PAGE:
Today I would like to discuss the games Chess and Go, the world's champions, algorithms and Al.
In 1997, a computer program developed by IBM Deep Blue defeated the world Chess champion Garry Kasparov. Go remained the last board game in which humans were still better than machines.
Why is that?
Chess is primarily distinguished from Go by the number of variations for each move. Chess, the game is more predictable with more structured rules: we have value for each figure (e.g bishop = 3 pawns, rook = 5 pawns -> rook > bishop), some kind of openings and strategies. Go, in turn, has incredibly simple rules, which creates the complexity of the game for the machine. Go is one of the oldest board games. Until recently, it was assumed that a machine was not capable of playing on an equal footing with a professional player due to the high level of abstraction and the inability to sort through all possible scenarios - exactly as many valid combinations in a game on a standard 19×19 go-ban are 10180 (greater than the number of atoms in the visible universe).
However, almost 20 years later, in 2015, there was a breakthrough. Google's Deep Mind company enhanced AlphaGo, which was the last step for the computer to defeat the world champions in board games. The AlphaGo program defeated the European champion and then, in March 2016 demonstrated a high level of play by defeating Lee Sedol, one of the strongest go players in the world, with a score of 4:1 in favour of the machine. A year later, Google introduced to the world a new version of AlphaGo - AlphaGoZero.
Deep Blue's Murray Campbell called AlphaGo's victory "the end of an era... board games are more or less done and it's time to move on."
Differences in algorithms
Alpha Go = Monte-Carlo Tree Search Algorithm & Databases
I. Policy Network:
Trained on high-level games to imitate those players (150.000 games).
II. Value Network:
It can evaluate the board positions and say what is the probability in this particular position.
(To reduce the size of the tree , we can compare the probabilities to win in each particular position and cut off brunches with the worst probabilities)
III. Tree search:
It will look through different variations of the game and try to figure out what will happen in the future.
Alpha Go Zero = reinforcement learning
It is self-trained without the human domain knowledge and no pre-training with human games.
II. Retrain network
Optimise the network weights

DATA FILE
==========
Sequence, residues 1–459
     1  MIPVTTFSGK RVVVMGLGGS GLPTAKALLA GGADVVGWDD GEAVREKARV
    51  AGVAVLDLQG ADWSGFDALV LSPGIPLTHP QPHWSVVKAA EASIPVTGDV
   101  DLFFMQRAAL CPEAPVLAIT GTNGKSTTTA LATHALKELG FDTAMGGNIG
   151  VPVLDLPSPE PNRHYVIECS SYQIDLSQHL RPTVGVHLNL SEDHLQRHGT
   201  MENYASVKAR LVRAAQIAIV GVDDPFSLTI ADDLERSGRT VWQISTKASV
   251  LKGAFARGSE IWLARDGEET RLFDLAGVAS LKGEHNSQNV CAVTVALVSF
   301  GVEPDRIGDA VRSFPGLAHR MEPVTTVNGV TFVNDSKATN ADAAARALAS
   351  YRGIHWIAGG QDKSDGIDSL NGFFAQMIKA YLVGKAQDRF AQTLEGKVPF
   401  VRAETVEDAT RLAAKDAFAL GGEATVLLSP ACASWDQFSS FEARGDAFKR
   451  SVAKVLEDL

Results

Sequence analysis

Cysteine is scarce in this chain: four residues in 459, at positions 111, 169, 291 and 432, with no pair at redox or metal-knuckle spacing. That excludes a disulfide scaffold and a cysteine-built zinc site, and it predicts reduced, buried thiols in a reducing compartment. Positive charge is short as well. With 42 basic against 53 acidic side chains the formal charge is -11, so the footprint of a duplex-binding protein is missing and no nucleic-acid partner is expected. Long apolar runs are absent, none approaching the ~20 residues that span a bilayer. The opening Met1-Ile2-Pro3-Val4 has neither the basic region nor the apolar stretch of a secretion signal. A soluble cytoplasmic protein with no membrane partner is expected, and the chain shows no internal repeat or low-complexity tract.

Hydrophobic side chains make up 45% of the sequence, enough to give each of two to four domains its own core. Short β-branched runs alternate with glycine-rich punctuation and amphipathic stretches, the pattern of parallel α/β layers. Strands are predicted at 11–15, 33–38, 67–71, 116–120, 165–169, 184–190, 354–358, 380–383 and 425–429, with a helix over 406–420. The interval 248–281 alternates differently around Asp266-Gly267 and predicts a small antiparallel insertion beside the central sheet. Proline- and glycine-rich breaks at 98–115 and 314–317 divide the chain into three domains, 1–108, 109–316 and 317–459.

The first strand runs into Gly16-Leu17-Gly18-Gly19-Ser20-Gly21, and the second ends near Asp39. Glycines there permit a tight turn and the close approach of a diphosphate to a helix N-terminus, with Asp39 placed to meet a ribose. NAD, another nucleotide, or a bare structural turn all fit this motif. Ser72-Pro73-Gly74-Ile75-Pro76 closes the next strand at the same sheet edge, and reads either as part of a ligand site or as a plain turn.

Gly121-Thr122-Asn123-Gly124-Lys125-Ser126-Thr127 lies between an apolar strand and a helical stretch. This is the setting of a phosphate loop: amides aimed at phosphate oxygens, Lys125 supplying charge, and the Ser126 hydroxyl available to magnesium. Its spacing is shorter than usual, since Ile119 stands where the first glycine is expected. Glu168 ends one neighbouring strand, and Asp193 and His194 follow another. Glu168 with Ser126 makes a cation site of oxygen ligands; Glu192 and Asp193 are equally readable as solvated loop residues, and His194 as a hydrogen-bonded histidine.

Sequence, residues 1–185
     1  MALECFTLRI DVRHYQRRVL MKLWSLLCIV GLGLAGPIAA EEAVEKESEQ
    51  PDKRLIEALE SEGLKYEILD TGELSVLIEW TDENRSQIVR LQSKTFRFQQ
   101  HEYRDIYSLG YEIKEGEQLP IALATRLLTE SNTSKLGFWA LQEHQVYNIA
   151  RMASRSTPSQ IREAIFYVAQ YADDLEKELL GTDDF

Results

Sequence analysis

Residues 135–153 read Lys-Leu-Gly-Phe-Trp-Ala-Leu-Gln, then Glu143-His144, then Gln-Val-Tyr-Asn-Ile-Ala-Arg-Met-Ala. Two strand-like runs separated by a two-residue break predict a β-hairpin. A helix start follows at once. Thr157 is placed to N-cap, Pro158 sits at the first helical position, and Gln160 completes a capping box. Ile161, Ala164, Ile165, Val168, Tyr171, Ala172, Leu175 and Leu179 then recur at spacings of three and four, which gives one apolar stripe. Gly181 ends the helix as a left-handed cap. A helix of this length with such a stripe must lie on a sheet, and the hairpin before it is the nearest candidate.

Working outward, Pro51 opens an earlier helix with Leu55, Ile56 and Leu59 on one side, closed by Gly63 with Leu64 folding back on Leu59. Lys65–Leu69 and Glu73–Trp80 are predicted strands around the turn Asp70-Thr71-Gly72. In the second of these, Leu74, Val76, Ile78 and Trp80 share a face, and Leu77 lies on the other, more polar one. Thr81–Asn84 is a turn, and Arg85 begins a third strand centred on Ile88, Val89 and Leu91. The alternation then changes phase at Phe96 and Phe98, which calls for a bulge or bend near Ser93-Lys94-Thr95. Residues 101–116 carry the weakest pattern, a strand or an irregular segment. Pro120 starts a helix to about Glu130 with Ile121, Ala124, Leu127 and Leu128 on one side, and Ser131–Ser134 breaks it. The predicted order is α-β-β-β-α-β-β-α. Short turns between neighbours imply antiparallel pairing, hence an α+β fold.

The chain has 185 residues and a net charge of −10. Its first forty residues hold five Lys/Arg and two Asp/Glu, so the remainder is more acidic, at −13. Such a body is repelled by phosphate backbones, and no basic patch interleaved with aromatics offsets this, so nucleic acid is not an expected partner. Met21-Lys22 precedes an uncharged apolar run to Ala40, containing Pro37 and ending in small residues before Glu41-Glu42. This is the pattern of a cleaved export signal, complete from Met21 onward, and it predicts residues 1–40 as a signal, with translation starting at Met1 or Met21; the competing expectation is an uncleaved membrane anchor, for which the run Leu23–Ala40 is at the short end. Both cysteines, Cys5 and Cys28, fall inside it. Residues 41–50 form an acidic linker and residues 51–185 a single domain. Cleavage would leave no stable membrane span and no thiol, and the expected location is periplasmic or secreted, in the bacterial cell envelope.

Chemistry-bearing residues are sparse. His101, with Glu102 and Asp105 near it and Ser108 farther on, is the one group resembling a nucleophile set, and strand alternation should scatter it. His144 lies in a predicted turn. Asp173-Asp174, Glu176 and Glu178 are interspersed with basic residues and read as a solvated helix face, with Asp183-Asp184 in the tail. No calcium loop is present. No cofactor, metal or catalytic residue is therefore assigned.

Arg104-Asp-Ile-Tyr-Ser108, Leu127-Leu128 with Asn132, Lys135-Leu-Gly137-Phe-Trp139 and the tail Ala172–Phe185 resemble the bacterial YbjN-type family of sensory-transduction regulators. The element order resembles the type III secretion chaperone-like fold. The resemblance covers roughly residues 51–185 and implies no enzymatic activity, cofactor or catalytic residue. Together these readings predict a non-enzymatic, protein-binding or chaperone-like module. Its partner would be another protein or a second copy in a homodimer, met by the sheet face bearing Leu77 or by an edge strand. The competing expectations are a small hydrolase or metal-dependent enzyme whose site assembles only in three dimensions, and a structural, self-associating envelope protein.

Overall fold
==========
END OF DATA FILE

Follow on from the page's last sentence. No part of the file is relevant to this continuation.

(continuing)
III. Evaluate Network
Test to see, if new network is stronger
Ironically, Alpha Go Zero has only one deep network, and it only takes 3 days of practice to outperform AlphaGo, which requires 6 weeks of training. Alpha Go Zero has surpassed its predecessor multiple times and beat AlphaGo with a crushing score of 100:0.
Impact on various human beings
Lee Sedol, after playing with Alpha Go, set off on tour for two months, where he never lost to a single person!
People realized that Al can now cope with tasks that were considered exclusively human. Creativity and critical thinking are an indispensable part of the game Go.
What's facinating about it?
Development of training approaches: AlphaGo was trained using mostly expert data from a human, while AlphaGo Zero exclusively through independent play without any data from a human. The switch from relying on human knowledge to learning exclusively from ground up has proven the power of reinforcement learning and its ability to exceed human performance.
Superior performance: Alpha Go Zero's galie-based approach to self-learning let it find groundbreaking strategies that were not even considered by human-experts. This highlighted the potential of Al in expanding the boundaries of human knowledge and productivity in solving complex problems.
Effective way of learning for Al: models learn directly from data without overt human guidance or labeling.
What seemed to me the most interesting is the fact that with less human intervention, Al shows better results. We can observe this with the example of AlphaGo and AlphaGo Zero. Undoubtedly, the performance is very demonstrative. People look through the prism of their own biological perception, and shift their vision of learning to Al. As a biological being, man is very imperfect, so this model can be very doubtful. So perhaps in order to come up with an ideal Al, we need to step back from our human comprehension of learning? For a perfect algorithm that the machine will understand, you need as little human supervision as possible? Will this lead us to lose control?
Nevertheless, being the last undefeated game is worth a lot!